Miscellaneous > Save the Sitcom
Let the Sitcom Die
All rights reserved. Posted: July 19, 2005.
God help the sitcom. By all accounts the once
hugely popular television genre is on its last breath. One
can only hope that reports of the sitcom’s imminent death are premature.
Long regarded as the poor relative of the
revered television drama, the sitcom has lately suffered from a series of
fatal ailments: lack of originality, weak concepts, paper-thin characters,
mindless writing, fleeting network support. Most recent attempts at the
sitcom only leave the viewer wondering: was that supposed to be funny?
In today’s vapid sitcom universe,
three-dimensional complex characters like Archie Bunker and Hawkeye Pierce
have gone the way of pet rocks and word processors. Instead “types” have
replaced the thoughtful characterizations of years gone by. As F. Scott
Fitzgerald warned us: “Begin with a type, and you find you have created
And what a lot of nothing we now have: there is
the fat husband/beautiful wife sitcom, the “those crazy ethnics” sitcom, the
exasperated boy versus quirky
girl sitcom. Even critically lauded attempts at something purportedly
different—like the painful Arrested Development—are simply not very
funny. Once it was enough to surround Bob Newhart with a cast of zanies
(twice, no less) and let the yucks fly.
The sitcom’s development during the 1960s and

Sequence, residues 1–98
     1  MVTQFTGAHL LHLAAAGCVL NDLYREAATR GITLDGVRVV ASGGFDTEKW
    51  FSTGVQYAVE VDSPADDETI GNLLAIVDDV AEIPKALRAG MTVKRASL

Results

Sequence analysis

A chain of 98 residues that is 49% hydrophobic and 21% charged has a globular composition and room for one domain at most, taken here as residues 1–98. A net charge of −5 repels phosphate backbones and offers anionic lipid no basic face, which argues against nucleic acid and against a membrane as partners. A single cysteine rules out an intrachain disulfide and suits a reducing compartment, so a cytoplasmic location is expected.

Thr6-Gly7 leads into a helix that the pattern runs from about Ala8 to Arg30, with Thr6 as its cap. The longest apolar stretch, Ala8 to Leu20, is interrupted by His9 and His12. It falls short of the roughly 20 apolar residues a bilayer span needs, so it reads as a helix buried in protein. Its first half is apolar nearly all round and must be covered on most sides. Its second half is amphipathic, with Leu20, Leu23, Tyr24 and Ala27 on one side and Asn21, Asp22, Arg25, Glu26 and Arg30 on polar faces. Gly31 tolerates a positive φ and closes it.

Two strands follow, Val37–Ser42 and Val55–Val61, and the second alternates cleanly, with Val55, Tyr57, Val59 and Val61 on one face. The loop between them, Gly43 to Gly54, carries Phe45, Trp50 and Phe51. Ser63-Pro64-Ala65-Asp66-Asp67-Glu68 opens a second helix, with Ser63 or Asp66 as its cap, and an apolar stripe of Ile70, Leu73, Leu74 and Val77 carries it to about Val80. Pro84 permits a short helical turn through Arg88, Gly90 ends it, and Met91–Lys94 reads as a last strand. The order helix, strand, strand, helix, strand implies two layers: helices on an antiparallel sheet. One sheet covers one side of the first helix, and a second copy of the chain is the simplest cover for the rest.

1970s was a movement toward behavioral comedy that focused on situational
conflict played out by a talented ensemble. This phase reached a pinnacle
with the Mary Tyler Moore Show, which taught us that using
accomplished actors (Ed Asner, Cloris Leachman) instead of attractive tyros
elevates the sitcom. Would a network today give two mature talents such as
All in the Family’s Carroll O’Connor and Jean Stapleton their own
In the 1980s the golden and silver age sitcoms
gave birth to Cheers and The Cosby Show, two notably different
yet equally accomplished examples of the genre. Cheers offered
intelligent comedy in darker tones than a television sitcom set had ever
seen, and Cosby, though refusing to genuflect at any cultural altars,
taught indelible lessons about family and race.
In the 1990s the sitcom took a sharp left turn
with Seinfeld, that rich show about “nothing” that brought a weekly
dose of absurdist comedy into our unsuspecting living rooms. Still, the
basic sitcom skeleton remained in tact: a cast of extremes (all played by
solid comic actors) encircled the pivotal lead (the befuddled Jerry).
greatest achievement was its ability to address the same basic issues as
Mary Tyler Moore (how does a single person make it in the city?) from a
postmodern perspective (she doesn’t) and still be clever and funny.
Three other 1990s sitcoms proffered the last
truly admirable efforts in the genre: Frasier dared to be
sophisticated even as television began to eschew making us think. Will
and Grace, especially in its early years, used wit and panache to make
being gay seem both hilarious and irrelevant.
And Everybody Loves Raymond abandoned
anything redolent of “family values” with the most dysfunctional fictional
relatives to grace the small screen. As the hapless Ray warned us in the
first intro: “It’s not about the kids.” Instead, acknowledging the lessons
of All in the Family, Raymond gave us two great actors—Doris
Roberts and Peter Boyle—in supporting roles as disturbing and flawed as a
Because it shares reflective qualities with the
culture that gives birth to it, the sitcom’s legacy is too great to
abandon. There is no reason for the genre to die. Lock some writers in a
room and force them to watch “Mary Tyler Moore” for a few months.
Maybe they’ll get it.